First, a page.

English is the language of Jamaica. But while standard English is seldom used in informal conversations, it is clearly understood by the population. More frequently we use the Jamaican patois, our creole language which was conceived through a mix of Spanish and English. It is a significant part of our culture and is often used to socially classify the population. Our creole can be broken down into three groups: the basilectal creole – most contrasting to the standard English, to foreigners, it will sound like a totally different language. It is usually associated with the deep rural areas of Jamaica and it is not consistent across the country. Most frequently spoken at the western sections of the island. Acrolectal creole – closest to standard English, most frequently used by the ‘upper class’ citizens. Mesolectal creole – the average of basilectal and acrolectal creole, very frequently used in daily conversations by the average Jamaican.
Example: If one were to ask “Whose is this?”
Basilectal: “A fufah dis?”
Mesolectal: “A Whofah dis” or “Whose dis?”
Acrolectal: “Whose is this?”
It is the presence of this vast variation in the language that makes English – the very easy subject – a challenge for many students. It also is a limitation to learning. If the language is not mastered at an early age, students may get left behind in the class room as teachers use acrolectal creole/standard English.
General Language Use
Standard English is used as much as possible in business places, banks, schools and often times churches. It is a good indicator of one’s level of education and mastery of the language becomes quite useful even internationally. It is very important to know when to use the variations of Jamaican English. If you go to the market, do NOT use standard English or you will pay the price for it. Also they may not clearly understand if you use jargons or different units (kg vs lbs).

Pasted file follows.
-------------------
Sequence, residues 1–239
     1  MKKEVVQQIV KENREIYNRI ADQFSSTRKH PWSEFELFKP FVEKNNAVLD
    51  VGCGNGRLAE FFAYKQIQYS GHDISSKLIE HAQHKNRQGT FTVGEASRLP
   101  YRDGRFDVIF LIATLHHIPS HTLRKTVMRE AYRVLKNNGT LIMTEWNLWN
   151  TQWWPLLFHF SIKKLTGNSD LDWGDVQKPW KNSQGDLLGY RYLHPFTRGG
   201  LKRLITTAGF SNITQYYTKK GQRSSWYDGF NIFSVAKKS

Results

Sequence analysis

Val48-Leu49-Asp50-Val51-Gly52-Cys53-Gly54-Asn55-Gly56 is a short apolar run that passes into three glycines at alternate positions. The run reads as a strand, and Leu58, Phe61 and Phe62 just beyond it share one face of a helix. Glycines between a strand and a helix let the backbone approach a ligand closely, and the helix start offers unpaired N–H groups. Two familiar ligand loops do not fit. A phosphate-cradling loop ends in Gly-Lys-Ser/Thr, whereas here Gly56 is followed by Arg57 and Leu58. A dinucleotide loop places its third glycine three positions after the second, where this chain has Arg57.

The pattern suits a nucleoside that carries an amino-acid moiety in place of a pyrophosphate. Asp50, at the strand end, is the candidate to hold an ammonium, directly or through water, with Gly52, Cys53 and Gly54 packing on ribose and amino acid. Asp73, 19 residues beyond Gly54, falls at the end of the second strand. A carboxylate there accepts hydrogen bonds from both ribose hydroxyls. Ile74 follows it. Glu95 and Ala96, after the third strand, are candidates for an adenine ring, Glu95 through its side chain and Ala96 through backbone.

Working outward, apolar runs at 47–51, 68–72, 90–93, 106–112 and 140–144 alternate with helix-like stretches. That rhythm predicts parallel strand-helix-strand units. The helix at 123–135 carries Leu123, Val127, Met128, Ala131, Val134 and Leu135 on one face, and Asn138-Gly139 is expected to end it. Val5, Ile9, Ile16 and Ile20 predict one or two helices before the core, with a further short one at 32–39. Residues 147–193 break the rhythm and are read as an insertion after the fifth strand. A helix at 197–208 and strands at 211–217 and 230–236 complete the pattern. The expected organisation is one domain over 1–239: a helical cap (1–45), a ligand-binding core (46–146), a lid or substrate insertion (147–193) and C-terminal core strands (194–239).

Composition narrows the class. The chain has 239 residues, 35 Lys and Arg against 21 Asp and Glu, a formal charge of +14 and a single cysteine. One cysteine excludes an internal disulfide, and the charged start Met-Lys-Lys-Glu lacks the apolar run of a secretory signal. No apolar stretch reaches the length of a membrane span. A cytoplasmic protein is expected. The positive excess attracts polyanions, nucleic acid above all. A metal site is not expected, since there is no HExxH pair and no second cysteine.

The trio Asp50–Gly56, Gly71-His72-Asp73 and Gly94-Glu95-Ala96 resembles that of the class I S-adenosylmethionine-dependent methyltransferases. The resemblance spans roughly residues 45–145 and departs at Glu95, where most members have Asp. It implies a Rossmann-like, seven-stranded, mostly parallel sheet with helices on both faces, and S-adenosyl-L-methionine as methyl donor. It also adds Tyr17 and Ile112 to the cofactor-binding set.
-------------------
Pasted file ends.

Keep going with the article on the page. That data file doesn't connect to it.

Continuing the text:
The ‘H’ Displacement
Ave you hever noticed the BIG problem many of us have pronouncing the letter ‘h’? I tried convincing a group of persons recently that I’m actually a thug. But in my explanation my clear pronunciation of the ‘h’ in thug significantly reduced the credibility of my statements. It makes sense as a robber would not be taken seriously if he said ‘Let me have your purse’ versus ‘Yow oman gimmi dis’. The former statement may be greeted with some form of physical defence while the latter, with compliance. In Jamaica we throw the letter ‘h’ all hover the place. It is often placed where it shouldn’t be and removed where it is needed. With increased education comes decreased frequency of displacement. this issue is so bad, that I was complimented by my teacher in primary school for saying “thirty three” instead of the more frequently used “terty tree”.
We should be proud of our creole and make attempt to remove the stigma attached. English is the language of the country but the standard is not the most frequently used. If you are not able to speak standard English don’t be ashamed of using the creole. It is much more embarrassing to attempt to speak standard English when you can’t, than it is to speak creole.
– Aldeam Facey 2015